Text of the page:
Testbed and methods
All tests were performed on this machine:
- Core i7 860 @ 2.8 Ghz
- Motherboard Asus P55 Pro
- 8 GB of DDR3 memory running @ 1600 Mhz
- Four 1 TB (931.5 GiB) Western Digital Green disks (model WD10EADS-00L5B1, firmware version 01.01A01, ~5400 rpm)
- Video card GeForce 8400GS
- S.O. RHEL 6.3 x86_64
Each disk was connected to a SATA port provided by the P55 chipset and was partitioned in the following mode:
- a first, EXT4 boot partition of ~0.5 GiB in RAID1
- a second, EXT4 system partition of ~32 GiB in RAID10 “near” layout
- a third, SWAP partition of ~4 GiB in RAID10 “near” array
- a fourth, XFS data partition of ~100 GiB configured in RAID10 array with different layouts (“near, “far”, “offset”).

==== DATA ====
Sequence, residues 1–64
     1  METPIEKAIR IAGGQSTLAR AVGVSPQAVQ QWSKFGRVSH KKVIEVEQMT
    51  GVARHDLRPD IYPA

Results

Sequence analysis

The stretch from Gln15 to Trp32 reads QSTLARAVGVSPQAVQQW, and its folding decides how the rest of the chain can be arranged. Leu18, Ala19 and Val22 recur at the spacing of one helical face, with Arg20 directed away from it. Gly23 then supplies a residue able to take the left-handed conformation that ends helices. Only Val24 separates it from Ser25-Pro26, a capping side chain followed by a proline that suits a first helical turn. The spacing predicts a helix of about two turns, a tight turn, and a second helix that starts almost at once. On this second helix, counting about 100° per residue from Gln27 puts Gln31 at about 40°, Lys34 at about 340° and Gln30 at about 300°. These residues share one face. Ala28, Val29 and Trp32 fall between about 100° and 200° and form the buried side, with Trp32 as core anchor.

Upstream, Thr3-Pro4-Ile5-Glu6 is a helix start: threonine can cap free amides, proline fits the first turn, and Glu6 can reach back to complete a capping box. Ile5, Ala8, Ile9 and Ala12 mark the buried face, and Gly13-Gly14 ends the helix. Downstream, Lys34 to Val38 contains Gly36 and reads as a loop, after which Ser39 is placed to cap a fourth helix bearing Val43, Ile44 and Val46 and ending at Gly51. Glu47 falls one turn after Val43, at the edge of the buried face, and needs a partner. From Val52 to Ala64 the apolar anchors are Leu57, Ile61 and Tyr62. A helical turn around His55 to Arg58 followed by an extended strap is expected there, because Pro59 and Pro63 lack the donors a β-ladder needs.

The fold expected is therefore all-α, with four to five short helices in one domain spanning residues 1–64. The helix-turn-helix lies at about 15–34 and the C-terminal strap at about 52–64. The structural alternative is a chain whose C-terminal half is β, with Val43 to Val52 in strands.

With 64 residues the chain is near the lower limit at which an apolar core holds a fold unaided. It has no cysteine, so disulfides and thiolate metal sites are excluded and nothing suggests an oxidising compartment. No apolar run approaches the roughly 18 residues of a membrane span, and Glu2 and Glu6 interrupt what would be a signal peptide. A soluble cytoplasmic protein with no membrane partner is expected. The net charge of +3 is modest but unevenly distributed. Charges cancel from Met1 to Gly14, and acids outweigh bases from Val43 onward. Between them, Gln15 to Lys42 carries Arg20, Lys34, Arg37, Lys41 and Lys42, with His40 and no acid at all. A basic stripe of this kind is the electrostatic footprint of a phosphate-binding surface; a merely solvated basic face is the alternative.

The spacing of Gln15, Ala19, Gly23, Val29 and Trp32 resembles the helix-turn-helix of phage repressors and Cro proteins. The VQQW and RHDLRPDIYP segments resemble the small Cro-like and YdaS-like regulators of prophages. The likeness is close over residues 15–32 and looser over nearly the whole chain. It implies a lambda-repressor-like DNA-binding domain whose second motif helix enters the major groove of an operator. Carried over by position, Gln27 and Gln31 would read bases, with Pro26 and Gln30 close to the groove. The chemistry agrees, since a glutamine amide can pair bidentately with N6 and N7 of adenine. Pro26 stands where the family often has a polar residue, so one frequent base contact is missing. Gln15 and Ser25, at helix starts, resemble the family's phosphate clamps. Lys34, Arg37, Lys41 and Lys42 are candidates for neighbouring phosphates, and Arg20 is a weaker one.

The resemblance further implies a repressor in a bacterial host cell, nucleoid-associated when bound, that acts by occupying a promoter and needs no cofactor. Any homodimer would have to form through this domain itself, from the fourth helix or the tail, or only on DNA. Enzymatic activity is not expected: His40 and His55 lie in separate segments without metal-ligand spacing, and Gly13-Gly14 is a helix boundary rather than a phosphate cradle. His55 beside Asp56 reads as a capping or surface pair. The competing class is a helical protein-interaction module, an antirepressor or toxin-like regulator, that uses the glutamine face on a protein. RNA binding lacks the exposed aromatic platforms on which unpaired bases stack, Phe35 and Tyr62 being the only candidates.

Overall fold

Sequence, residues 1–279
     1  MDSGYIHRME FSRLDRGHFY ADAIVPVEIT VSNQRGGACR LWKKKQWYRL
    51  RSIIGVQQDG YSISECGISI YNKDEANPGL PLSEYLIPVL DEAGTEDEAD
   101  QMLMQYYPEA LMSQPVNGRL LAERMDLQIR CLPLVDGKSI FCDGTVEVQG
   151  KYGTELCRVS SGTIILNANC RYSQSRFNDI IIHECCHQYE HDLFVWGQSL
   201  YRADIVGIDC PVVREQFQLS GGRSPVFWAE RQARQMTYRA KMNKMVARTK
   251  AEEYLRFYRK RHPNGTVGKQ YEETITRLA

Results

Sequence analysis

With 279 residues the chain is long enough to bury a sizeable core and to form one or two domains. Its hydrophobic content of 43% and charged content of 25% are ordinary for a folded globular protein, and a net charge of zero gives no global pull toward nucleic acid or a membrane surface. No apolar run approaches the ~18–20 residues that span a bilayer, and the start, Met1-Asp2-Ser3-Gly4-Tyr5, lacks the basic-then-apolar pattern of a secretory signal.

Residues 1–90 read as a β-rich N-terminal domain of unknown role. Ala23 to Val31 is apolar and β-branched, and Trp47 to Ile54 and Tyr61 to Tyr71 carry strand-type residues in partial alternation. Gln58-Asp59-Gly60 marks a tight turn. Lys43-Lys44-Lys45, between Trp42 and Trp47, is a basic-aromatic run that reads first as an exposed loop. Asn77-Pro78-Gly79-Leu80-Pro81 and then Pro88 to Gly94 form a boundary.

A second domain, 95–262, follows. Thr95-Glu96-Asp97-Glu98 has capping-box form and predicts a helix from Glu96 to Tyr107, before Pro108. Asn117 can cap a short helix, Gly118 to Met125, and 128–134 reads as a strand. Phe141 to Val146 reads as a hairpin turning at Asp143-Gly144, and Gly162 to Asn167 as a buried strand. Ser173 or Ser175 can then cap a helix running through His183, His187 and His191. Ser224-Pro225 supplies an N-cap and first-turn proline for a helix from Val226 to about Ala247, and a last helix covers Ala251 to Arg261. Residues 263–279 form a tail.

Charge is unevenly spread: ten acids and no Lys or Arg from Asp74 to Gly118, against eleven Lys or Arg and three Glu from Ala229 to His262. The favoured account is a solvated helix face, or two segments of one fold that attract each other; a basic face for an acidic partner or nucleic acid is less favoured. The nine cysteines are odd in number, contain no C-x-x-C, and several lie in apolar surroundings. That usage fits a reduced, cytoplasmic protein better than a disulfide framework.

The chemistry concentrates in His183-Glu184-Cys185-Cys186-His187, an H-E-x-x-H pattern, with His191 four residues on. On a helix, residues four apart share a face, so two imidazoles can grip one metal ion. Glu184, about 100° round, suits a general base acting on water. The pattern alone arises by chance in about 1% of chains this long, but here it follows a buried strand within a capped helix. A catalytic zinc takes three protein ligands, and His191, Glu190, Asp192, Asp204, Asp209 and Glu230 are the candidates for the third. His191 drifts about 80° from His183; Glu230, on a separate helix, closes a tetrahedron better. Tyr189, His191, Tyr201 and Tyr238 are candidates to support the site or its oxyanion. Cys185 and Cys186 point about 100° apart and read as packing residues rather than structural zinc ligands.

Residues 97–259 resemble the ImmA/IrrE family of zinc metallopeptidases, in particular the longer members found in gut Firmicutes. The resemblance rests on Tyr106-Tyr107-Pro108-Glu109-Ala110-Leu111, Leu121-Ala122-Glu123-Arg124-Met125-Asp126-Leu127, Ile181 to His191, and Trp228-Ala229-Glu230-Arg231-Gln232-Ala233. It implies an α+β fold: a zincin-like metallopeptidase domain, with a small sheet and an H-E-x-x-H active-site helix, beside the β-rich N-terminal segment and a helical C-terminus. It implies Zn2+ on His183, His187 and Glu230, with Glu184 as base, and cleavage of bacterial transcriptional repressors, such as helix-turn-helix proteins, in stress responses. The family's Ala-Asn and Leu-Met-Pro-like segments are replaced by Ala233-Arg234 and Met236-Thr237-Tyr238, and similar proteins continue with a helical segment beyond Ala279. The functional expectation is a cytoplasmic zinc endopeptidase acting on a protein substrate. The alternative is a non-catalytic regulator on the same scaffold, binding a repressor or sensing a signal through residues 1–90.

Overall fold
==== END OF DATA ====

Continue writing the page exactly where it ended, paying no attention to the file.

Please note that, in order to reduce RAID array synchronization time, I use a 100 GiB partition for benchmarks. However, in final production server, the data partition was of about 900 GiB. This has some performance implication that we will discuss later.
For each RAID10 array, I used the default 512 KiB chunk size.
In order to quickly evaluate each RAID array layout, I used Intel I/O Meter with an 8 GiB test file. As it seems that, on Linux, IOMeter is unable to correctly scale up the queue depth above 2 (it uses O_DIRECT for opening the test file, and this serialize and synchronize access to it), I created an high queue depth by running 1, 2 and 4 “worker” threads. This setup simulates the load imposed by 1, 2, 4 and 8 concurrent I/O threads.
I understand that this is limited, imperfect testing. However, all Linux software RAID comparisons that I found seems to be so flawed that I/O Meter results alone should be much, much more accurate anyway.
So, it's time for some numbers...